The violone is most often used today as the contrabass bowed string instrument in early music groups performing Renaissance and early Baroque music. Only a few players specialize in the instrument, with most using contemporary reproductions rather than actual historical instruments.
After the decline of the other members of the viol family, the violone continued to have a place in orchestral music and, for example, Bach scored his cantatas for violone as the contra-bass instrument. It was eventually ousted by the modern double bass.
It is important to understand the etymology of the term "violone." "Violone" is a conjugation of the word "viola," not of the English word "viol," which is contemporarily used to refer to a member of the viola da gamba family. When use of the word "violone" began in the early sixteenth century, "viola" simply meant a bowed, stringed instrument, and did not specify viol or violin. Historically "violone" has referred to any number of larger fiddles, regardless of family. Sixteenth century instruments that at some time were (not incorrectly) called "violone" include the vihuela d'arco, or early viol, and later the bass violin (direct ancestor of the cello).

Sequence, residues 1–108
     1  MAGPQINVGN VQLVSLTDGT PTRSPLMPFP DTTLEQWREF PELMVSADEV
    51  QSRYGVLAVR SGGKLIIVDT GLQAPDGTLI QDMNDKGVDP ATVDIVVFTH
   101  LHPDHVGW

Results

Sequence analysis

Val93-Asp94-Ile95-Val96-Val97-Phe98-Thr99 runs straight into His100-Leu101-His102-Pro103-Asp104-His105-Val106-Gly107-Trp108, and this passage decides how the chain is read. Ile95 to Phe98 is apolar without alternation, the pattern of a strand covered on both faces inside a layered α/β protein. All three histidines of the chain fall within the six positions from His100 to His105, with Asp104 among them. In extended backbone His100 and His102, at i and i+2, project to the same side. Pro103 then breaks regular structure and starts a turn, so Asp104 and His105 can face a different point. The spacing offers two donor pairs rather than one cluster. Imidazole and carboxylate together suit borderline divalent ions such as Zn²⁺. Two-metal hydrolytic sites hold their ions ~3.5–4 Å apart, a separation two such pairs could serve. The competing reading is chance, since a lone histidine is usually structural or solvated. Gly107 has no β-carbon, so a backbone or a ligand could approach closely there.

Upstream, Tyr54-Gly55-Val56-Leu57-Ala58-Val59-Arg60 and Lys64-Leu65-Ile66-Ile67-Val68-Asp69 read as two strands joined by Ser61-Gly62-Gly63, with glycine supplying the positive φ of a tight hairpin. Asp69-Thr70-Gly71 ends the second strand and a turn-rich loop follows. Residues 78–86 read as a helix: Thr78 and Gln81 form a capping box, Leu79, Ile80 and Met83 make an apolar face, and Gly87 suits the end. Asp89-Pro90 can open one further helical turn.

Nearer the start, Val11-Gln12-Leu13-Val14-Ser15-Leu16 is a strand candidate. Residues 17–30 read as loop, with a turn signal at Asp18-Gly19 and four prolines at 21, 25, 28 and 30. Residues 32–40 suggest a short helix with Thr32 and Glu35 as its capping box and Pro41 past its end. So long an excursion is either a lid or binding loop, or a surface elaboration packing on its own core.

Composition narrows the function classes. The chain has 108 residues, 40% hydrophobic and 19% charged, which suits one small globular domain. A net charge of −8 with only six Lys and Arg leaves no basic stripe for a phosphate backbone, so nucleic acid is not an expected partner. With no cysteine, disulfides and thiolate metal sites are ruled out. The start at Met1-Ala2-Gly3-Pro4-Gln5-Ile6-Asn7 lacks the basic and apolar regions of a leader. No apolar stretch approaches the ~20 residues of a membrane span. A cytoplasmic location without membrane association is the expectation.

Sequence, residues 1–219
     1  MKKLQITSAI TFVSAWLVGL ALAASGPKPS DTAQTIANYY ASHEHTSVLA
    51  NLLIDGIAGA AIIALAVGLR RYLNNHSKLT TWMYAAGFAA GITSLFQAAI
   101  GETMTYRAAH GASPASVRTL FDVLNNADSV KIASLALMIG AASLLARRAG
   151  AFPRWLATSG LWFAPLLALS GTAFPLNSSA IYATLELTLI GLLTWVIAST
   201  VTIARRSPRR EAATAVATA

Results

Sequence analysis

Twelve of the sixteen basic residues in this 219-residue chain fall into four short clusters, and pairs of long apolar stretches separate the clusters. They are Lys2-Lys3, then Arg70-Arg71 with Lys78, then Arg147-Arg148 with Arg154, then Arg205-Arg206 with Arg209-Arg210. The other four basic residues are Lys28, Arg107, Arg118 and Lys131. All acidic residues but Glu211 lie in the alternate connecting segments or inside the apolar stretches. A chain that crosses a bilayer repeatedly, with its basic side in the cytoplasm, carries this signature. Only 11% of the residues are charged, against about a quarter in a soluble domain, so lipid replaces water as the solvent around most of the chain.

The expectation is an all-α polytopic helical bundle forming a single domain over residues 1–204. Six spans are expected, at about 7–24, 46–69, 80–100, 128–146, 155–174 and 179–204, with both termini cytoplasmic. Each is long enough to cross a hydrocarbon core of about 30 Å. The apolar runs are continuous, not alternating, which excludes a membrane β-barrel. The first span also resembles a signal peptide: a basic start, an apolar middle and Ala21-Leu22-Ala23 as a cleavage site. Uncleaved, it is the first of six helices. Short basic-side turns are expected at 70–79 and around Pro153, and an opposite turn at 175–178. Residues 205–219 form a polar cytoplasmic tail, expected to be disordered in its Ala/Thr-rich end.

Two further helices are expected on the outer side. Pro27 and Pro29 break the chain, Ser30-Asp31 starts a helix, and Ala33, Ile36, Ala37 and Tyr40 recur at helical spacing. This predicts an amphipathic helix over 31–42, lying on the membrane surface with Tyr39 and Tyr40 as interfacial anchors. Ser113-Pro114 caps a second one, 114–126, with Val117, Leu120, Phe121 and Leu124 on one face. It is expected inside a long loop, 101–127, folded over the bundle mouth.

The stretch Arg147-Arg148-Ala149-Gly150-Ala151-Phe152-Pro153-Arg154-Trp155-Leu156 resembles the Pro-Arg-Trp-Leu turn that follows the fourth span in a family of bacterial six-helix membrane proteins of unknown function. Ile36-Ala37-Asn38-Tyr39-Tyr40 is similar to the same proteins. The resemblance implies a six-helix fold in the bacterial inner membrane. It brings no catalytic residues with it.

The term violone is sometimes used to refer to the modern double bass, which belongs almost as much to the viol family as to that of the violin, having sloped shoulders, a flat back (often) and tuning in fourths. The double bass, unlike the original violone, is an unfretted instrument.
"Violone" is also the name given to a non-imitative string-tone pipe organ stop, constructed of either metal or wood, and found in the pedal division at 16' pitch (one octave below written pitch), or, more rarely, 32' (2 octaves below written pitch).